My communication career flashed before my eyes last night. No, it wasn’t a dream or a momentary panic attack that caused the flashback. It was a reception sponsored by IABC/Richmond.
I’m a member of the International Association of Business Communicators (IABC) and the Public Relations Society of America (PRSA). Nothing against PRSA — the Richmond chapter is a fine group that offers great programs — but IABC holds a special place in this communicator’s heart. In some ways, however, my heart is breaking. I’ll explain why in a moment.
Last night’s reception was like a class reunion. Some of us who grew up in IABC/Richmond had a wonderful time recalling our first meeting and many memorable events since then — certain speakers, chapter leaders, interesting meeting venues, international and regional conferences, long-time friendships.
I thought about the milestones of my career so far and how IABC is a common theme among them:
- I remember the first person I met at an IABC meeting — Dawn Stuart, ABC. She remains a friend today, though she now lives in a different state.
- I met my mentor and best friend — Les Potter, ABC — when he came to speak to our chapter as vice-chairman of the association in 1991. That first encounter with Les changed the course of my career in numerous ways.
- I became an Accredited Business Communicator in 1992. It served as a significant barometer of my career up to that point and led me to learn skills and gain experience where I needed to.
- I served three years on the IABC Executive Board, which enabled me to meet top communicators from all over the world, to visit interesting cities I otherwise might not have visited, and to learn how to lead.
- I have served two terms as president of my home chapter, which also gave me much-needed experience in leadership and management.
- I have made more friends than I can count — communicators from all over the world, many of whom are the “rock stars” of our profession.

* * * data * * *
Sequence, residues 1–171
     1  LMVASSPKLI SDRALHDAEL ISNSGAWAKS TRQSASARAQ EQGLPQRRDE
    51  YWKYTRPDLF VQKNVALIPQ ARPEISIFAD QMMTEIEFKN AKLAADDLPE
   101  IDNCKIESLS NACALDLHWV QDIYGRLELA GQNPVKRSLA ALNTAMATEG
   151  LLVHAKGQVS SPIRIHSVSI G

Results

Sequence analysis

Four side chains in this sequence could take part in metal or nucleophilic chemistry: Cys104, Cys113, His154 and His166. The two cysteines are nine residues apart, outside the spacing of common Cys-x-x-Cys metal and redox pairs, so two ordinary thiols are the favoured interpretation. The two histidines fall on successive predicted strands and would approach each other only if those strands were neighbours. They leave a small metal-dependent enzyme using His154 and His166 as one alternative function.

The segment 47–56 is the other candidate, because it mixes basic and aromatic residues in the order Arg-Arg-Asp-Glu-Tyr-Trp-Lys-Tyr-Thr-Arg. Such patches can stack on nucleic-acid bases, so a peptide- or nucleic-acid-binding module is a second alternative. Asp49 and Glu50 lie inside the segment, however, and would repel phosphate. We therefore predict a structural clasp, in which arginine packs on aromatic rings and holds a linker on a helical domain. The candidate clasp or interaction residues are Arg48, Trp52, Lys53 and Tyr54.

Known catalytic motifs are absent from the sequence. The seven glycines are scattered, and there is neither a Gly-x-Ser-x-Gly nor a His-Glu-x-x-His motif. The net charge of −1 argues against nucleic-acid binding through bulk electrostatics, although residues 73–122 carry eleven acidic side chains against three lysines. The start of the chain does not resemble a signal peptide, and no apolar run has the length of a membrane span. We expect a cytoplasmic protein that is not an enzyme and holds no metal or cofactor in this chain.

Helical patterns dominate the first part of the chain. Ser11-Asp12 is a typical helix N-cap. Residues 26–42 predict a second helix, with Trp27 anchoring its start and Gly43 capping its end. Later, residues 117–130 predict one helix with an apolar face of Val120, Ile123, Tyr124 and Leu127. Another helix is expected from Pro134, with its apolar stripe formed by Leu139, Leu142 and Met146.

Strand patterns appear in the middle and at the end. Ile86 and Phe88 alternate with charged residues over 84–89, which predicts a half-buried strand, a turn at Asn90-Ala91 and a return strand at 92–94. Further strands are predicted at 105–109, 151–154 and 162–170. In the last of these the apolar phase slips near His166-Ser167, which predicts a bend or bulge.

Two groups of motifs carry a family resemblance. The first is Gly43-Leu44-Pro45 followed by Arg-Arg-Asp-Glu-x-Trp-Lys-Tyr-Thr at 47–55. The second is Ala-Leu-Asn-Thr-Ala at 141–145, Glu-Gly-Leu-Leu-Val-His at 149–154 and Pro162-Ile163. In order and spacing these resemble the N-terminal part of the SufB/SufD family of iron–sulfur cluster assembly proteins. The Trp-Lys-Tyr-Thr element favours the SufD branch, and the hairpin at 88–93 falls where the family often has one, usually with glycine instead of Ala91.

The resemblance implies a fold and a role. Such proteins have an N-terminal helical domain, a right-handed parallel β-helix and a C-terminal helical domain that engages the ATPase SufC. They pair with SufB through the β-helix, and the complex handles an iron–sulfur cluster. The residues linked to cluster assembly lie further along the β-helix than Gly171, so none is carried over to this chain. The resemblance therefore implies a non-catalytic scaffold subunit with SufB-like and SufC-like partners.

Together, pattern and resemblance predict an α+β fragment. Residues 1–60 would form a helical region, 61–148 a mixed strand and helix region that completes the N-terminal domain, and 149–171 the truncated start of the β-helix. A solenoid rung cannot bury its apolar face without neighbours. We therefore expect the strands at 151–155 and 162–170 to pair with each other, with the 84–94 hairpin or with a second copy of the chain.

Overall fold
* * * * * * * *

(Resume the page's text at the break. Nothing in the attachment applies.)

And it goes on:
My membership and participation in IABC has opened countless doors for me and prepared me for the work I’m doing now. I owe a lot to the association.
That’s why it breaks my heart that my home chapter and many others like it are struggling to retain members, much less grow, and to attract more than a handful of people to monthly meetings. Even more heartbreaking is that the leadership of IABC — both volunteer and staff — don’t seem interested in doing anything to help.
IABC has focused its attention on global growth and services provided at the international level, especially over the last 10 years. This is a fine and appropriate thing for a global organization to do — but not at the expense of local chapters. Chapters are where IABC members live. If we lose the chapters, we lose the lifeblood of the association.
IABC/Richmond once was considered a leader among mid-sized chapters. It was vibrant and active. As we recalled last night, coming to an IABC/Richmond meeting was an energizing experience. Now the chapter is struggling, but it is not because of mismanagement or lack of effort by local volunteers. Understanding the problem — and, more important, what to do about it — requires more resources and experience than IABC/Richmond leaders can muster. And the Richmond chapter is not alone. This scenario is playing out in many other chapters, especially in North America.
It’s interesting that just this week I received a mass e-mail from IABC — over the signatures of IABC Chairman Mark Schumann, ABC, and President Julie Freeman, ABC, APR — that tells of a soul-searching exercise the association is undertaking right now. “We recognize that IABC needs to stay relevant and in touch with its members, others in the profession, and the business community,” they write, and the IABC Executive Board is working on ways to do so, including the administration of a member survey.
I hope IABC members send a strong message that the association should do more to support the health of local chapters. The experience and expertise of IABC volunteer leaders and staff should be focused on helping chapters figure out ways to boost local membership and participation. We need help. I’ve served on my chapter’s board numerous times and have tried to help crack this nut, but it’s time to call in the reinforcements.
It would be a shame to watch IABC die from the ground up, but that is what will happen if chapters don’t receive the support they need and deserve.